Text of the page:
July 2018
Volume 59, Issue 9
Open Access
ARVO Annual Meeting Abstract  |   July 2018

Physiologic origin of intrinsic optical signals in human retina
Author Affiliations & Notes
  • Clara Pfäffle
    Medizinisches Laserzentrum Lübeck (MLL), Lübeck, Germany
    University of Lübeck, Lübeck, Germany
  • Dierck Hillmann
    Thorlabs GmbH, Lübeck, Germany
  • Hendrik Spahr
    Medizinisches Laserzentrum Lübeck (MLL), Lübeck, Germany
    University of Lübeck, Lübeck, Germany
  • Lisa Kutzner
    University of Lübeck, Lübeck, Germany
  • Bastian Kabuth
    University of Lübeck, Lübeck, Germany
  • Sazan Burhan
    University of Lübeck, Lübeck, Germany
  • Felix Hilge
    University of Lübeck, Lübeck, Germany
  • Gereon Hüttmann
    University of Lübeck, Lübeck, Germany
    Member of the German Center for Lung Research (DZL), Gießen, Germany
  • Footnotes
    Commercial Relationships   Clara Pfäffle, None; Dierck Hillmann, Medizinisches Laserzentrum Lübeck GmbH (P), Thorlabs GmbH (E), Thorlabs GmbH (P), University of Lübeck (P); Hendrik Spahr, Medizinisches Laserzentrum Lübeck (P), Thorlabs GmbH (P), University of Lübeck (P); Lisa Kutzner, None; Bastian Kabuth, None; Sazan Burhan, None; Felix Hilge, None; Gereon Hüttmann, Medizinisches Laserzentrum Lübeck (MLL) GmbH (P), Thorlabs GmbH (P), University of Lübeck (P)
  • Footnotes
    Support  None
Investigative Ophthalmology & Visual Science July 2018, Vol.59, 672. doi:
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      Clara Pfäffle, Dierck Hillmann, Hendrik Spahr, Lisa Kutzner, Bastian Kabuth, Sazan Burhan, Felix Hilge, Gereon Hüttmann;
      Physiologic origin of intrinsic optical signals in human retina. Invest. Ophthalmol. Vis. Sci. 2018;59(9):672.

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      © ARVO (1962-2015); The Authors (2016-present)

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Abstract

Purpose :
After successful detection of intrinsic optical signals (IOS) in the human retina with full-field swept-source optical coherence tomography (FF-SS-OCT), we continued characterizing the signals, in oder to understand their origin and possible value for a better understanding of neuronal path ways in the vision process and diagnosis of deseases.

Methods :
The IOSs were imaged by FF-SS-OCT, which is able to detect sub-wavelength morphological changes by phase evaluation. The required phase stability is reached by parallel illuminating the field-of-view (FOV) and detecting with a fast area camera (fastcam SA-Z, Photron) at frame rates of up to 75 kHz. The OCT uses wavelengths between 867 nm and 816 nm, which are outside the sensitivity range of the human retina. White light was used to stimulate the retina at specific areas and with a specific time course. Both, OCT and stimulation light, were far below the maximal permissable exposure (MPE), as confirmed by the responsible safety officer. The study was approved by the ethic boards of the University of Lübeck.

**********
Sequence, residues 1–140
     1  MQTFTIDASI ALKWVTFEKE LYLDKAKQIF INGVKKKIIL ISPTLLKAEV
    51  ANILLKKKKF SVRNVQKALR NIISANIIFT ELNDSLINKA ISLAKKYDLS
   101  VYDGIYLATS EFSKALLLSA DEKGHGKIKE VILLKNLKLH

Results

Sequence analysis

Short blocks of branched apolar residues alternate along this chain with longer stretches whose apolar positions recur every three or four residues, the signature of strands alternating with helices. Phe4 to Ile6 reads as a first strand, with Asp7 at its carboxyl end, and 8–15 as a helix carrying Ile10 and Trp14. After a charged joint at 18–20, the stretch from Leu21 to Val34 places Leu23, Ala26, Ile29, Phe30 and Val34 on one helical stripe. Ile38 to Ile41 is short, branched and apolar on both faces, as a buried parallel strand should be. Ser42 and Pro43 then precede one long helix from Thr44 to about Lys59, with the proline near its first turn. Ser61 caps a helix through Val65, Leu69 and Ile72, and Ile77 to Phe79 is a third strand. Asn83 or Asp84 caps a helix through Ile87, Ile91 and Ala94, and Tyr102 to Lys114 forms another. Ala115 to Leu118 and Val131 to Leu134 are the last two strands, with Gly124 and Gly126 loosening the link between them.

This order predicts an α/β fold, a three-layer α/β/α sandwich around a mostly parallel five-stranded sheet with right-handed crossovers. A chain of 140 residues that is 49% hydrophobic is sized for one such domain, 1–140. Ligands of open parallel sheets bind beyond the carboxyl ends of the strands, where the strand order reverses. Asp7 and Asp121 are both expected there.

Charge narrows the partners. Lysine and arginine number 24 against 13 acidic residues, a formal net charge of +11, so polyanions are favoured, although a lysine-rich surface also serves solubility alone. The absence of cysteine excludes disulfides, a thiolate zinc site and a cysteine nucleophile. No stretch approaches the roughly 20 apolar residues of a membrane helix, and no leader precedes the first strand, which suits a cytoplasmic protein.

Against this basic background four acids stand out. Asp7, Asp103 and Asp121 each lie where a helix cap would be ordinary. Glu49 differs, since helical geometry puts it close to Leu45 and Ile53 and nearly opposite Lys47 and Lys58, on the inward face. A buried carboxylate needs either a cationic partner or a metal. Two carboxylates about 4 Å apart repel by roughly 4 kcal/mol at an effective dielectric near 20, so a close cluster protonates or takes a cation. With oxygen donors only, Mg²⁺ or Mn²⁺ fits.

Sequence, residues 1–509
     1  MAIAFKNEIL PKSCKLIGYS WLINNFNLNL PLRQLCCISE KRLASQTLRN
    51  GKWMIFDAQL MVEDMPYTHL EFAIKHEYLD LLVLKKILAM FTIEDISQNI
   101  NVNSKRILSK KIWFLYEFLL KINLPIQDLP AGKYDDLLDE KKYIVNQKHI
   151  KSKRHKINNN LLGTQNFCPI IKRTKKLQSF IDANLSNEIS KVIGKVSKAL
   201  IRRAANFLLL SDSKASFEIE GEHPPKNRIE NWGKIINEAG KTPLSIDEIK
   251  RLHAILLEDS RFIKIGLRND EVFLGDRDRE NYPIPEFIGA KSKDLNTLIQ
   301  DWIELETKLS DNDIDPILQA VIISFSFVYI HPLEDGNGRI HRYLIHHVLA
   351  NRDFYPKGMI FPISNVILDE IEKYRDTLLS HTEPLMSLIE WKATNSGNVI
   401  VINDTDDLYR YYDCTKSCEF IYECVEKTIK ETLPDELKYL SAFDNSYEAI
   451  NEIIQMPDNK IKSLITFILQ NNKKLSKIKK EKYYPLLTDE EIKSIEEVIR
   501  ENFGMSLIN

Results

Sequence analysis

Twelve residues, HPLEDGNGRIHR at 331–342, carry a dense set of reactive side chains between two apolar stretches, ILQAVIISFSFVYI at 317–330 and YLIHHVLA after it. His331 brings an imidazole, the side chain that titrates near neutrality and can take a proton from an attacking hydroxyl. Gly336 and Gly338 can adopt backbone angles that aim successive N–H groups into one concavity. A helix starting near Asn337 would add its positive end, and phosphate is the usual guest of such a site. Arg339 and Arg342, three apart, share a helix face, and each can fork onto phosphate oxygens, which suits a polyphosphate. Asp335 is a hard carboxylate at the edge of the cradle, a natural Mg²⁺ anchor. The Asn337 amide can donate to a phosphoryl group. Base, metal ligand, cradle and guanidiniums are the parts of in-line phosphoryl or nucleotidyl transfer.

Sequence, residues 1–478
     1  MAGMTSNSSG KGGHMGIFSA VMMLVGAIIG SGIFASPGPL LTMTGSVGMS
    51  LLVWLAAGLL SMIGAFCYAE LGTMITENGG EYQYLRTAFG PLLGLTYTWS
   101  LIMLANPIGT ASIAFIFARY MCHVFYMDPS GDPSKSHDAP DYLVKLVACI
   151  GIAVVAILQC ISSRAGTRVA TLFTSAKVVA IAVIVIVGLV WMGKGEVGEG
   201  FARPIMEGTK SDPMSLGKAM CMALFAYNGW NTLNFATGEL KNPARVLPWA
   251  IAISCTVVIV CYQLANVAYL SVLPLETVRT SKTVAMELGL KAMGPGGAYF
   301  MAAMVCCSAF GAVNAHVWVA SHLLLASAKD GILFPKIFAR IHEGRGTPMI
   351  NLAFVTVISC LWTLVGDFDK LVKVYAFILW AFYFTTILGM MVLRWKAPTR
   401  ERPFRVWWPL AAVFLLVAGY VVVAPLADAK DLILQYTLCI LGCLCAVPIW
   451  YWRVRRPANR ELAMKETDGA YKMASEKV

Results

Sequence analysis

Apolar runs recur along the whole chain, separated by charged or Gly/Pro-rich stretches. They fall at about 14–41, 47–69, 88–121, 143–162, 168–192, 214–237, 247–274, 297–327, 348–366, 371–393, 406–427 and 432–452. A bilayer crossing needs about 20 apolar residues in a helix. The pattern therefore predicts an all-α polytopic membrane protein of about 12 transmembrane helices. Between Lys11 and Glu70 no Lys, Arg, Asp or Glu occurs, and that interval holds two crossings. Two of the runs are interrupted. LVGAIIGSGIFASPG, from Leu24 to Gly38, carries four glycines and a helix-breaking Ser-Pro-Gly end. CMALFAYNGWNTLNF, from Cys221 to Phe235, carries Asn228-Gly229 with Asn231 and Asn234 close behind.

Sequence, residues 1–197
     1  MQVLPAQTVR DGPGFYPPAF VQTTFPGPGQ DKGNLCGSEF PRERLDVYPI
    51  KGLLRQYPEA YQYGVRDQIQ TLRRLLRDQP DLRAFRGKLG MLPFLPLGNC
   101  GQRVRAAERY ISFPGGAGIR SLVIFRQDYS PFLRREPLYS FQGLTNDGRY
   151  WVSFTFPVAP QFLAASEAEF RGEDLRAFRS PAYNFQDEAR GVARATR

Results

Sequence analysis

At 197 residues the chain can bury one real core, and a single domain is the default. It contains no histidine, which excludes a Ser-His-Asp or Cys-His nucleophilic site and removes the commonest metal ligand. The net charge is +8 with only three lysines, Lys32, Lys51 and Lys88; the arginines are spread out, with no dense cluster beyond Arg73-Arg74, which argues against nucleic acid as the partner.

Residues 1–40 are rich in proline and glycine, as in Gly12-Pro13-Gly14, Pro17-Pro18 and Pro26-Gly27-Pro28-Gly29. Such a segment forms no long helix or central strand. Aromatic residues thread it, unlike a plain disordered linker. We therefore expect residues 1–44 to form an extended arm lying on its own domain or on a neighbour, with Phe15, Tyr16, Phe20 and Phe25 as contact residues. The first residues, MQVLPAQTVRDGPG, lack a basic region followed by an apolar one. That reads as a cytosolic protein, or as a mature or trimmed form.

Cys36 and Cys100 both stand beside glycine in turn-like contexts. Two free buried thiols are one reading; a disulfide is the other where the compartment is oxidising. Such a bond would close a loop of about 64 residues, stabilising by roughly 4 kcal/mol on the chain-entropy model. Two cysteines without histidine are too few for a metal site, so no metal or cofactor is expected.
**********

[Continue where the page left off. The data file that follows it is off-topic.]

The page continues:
Results :
During and after the stimulus, we observed an expansion of the optical path length (OPL) of the photoreceptor outer segment (OS). The expansion was limited to the stimulated area and lasted up to seconds after the stimulus had ended. The expansion rate was about 140 nm/s and independent of stimulation intensity or duration.

From the time course and characteristics of the IOSs it is conclueded that an osmotic process is likely to cause the measured IOS. Qualitatively, the time course correlates with a concentration change due to neural action potentials, which would also predict a volume change in the ganglion cell layer (GCL). Although obtaining results from the GCL turned out to be difficult since heart-beat induced pulsation disturbed phase measurements, a change of the OPL in the GCL was detected. Compared to the OS, the signal was weaker and laterally shifted by tens of microns (see figure 1).

Conclusions :
Osmotic water influx into the extra-cellular matrix seems a reasonable mechanism for the observed IOS. We believe that probing retinal function with FF-SS-OCT will have significant impact, both in research and diagnostics.

This is an abstract that was submitted for the 2018 ARVO Annual Meeting, held in Honolulu, Hawaii, April 29 - May 3, 2018.

 

Left: phase evaluation of the photoreceptor OS after 5400 ms stimulation
Right: averaged phase evaluation of the GCL

Left: phase evaluation of the photoreceptor OS after 5400 ms stimulation
Right: averaged phase evaluation of the GCL

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